A few years ago I was completely oblivious to issues surround mass rape in conflict and post conflict zones until a film, The Flowers of War, was recommended to me. The film which is a fictionalised account of the Rape of Nanking sparked my interest in the conflict to the point that I decided to make it the subject of my dissertation. While researching however, I became aware that this was an issue that was much more widespread both geographically and historically than 1930s China. In fact, you’d be hard put to find a conflict where mass rape has not played a role. This realisation lead me to change the direction of my dissertation to the wider motivations of such attacks against women and moreover I became increasingly passionate about the subject.
Today, while going through my morning routine of a coffee and a browse through Facebook, my attention was drawn to an article shared by UN Action discussing sexual violence including mass rape against the Rohingya women of Myanmar by members of the Myanmar security forces.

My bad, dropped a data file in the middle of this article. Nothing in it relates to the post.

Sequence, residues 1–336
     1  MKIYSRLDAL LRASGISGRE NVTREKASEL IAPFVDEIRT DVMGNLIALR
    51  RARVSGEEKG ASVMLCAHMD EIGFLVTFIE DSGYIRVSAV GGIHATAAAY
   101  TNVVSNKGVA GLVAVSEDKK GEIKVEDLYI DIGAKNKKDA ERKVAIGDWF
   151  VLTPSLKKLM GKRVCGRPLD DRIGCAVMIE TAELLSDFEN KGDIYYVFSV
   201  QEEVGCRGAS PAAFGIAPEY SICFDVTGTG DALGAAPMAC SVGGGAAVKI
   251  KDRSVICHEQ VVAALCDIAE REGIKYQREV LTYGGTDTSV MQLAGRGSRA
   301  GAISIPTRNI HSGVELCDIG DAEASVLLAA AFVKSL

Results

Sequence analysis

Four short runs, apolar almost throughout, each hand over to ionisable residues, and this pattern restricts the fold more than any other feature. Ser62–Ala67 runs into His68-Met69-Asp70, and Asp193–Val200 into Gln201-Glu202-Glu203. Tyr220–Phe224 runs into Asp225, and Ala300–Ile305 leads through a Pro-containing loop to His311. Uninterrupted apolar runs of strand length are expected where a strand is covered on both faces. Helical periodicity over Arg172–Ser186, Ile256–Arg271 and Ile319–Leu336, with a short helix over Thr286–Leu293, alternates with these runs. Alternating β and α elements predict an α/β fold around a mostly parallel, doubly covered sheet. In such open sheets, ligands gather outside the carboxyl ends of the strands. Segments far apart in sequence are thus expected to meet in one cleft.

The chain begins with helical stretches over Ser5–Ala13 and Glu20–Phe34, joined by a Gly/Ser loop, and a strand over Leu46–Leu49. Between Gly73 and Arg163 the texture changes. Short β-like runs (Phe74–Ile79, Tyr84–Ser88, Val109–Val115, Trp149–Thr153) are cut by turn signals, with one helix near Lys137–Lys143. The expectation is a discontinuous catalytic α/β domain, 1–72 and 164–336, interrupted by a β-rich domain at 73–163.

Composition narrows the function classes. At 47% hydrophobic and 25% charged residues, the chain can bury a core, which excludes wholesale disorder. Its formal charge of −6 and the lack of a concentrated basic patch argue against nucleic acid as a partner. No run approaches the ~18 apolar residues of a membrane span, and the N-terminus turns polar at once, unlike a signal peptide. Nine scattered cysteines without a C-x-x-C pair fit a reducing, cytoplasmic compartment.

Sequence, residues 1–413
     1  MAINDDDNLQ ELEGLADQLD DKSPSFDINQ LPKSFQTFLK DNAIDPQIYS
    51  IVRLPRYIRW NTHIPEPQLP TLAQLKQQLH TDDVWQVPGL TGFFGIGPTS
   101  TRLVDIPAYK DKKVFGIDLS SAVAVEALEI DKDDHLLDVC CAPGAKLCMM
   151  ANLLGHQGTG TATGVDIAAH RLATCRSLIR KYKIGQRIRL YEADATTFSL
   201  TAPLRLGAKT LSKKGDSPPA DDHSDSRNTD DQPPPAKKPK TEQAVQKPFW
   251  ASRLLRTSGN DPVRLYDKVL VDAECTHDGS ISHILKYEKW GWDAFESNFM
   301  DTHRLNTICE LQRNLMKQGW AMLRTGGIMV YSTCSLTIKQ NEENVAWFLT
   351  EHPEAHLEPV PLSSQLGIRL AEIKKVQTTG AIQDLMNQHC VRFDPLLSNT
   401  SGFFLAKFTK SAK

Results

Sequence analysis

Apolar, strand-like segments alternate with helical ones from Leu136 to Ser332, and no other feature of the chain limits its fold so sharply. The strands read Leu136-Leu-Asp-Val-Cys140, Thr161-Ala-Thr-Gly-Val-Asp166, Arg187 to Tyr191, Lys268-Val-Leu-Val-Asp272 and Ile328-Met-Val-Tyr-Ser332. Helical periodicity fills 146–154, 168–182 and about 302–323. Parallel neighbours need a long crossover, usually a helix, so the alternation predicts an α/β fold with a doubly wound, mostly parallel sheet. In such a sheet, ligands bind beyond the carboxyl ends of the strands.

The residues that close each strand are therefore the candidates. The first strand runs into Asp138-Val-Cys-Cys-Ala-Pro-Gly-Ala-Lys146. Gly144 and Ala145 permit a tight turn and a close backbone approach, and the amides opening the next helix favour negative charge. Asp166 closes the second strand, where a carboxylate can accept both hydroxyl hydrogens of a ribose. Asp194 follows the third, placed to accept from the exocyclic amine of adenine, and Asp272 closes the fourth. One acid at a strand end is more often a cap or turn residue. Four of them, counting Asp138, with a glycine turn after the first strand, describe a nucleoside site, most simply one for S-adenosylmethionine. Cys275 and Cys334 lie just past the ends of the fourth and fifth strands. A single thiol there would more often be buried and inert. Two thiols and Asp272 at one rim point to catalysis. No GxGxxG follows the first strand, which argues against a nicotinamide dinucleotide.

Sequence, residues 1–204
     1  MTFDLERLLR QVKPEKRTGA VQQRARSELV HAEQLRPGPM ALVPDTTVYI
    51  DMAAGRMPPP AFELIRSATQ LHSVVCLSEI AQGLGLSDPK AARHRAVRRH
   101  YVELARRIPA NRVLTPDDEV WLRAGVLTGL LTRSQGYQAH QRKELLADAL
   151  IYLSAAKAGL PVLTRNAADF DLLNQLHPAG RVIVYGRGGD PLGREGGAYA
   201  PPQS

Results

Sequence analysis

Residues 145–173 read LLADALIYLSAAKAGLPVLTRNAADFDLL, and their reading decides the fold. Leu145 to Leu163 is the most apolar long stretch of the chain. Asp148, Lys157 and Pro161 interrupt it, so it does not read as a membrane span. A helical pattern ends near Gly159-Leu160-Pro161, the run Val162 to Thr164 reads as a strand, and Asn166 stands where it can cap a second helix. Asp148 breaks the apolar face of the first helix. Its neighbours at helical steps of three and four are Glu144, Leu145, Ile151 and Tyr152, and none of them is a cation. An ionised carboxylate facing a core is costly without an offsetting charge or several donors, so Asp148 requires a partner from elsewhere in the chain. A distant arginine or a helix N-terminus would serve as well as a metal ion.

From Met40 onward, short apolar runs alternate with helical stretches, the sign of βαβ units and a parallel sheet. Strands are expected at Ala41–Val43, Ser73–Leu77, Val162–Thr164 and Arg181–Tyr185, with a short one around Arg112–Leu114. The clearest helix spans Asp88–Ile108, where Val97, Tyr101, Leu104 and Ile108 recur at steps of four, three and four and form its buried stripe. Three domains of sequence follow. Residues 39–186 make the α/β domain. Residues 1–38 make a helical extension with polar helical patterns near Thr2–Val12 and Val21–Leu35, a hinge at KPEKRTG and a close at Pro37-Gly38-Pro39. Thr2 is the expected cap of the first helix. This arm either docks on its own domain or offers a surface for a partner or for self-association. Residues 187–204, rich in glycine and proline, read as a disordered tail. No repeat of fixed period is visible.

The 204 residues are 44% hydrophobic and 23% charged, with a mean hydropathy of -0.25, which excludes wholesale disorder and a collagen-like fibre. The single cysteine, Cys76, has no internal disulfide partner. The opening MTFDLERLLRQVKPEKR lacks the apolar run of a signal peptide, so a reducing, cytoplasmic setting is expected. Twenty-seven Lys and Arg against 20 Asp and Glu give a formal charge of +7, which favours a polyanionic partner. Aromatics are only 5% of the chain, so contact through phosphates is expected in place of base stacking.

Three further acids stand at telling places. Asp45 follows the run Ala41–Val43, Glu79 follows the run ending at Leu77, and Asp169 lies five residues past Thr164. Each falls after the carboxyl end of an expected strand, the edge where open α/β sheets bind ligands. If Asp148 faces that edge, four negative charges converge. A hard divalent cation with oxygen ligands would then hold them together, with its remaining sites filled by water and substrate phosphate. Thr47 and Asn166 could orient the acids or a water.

I will admit, I have been ignorant to the persecution of the Rohingya people in Myanmar. The Rohingya people, being Muslim, are considers a security threat in the majority Buddhist Myanmar to the point of being denied basic rights such as education, citizenship, free movement and the right to vote. I had previously believed that under Aung San Suu Kyi, Myanmar was becoming increasingly progressive however it would appear from the small amount of research I have done thus far, that she is in fact legitimizing or at the very least, turning a blind eye to the persecution of the Rohingya people. This is an aspect I would very much like to research further.
The descriptions of mass rape described in the article, which I shall link below, strike very similar to previous cases which I have studied whether it be from Bosnia, Rwanda or Nanking. This similarity of the circumstances and methods of the rapes themselves is what I find most disturbing about the subject. We are so blind to the issue that we are allowing the exact same crime to happen again and again all over the world. In an increasingly connected world there is now no excuse to be ignorant of these issues and I believe that rape, as uncomfortable as the subject may be, must be discussed with greater frequency and intensity if, as citizens of the world, we want to end this horrific abuse of human rights.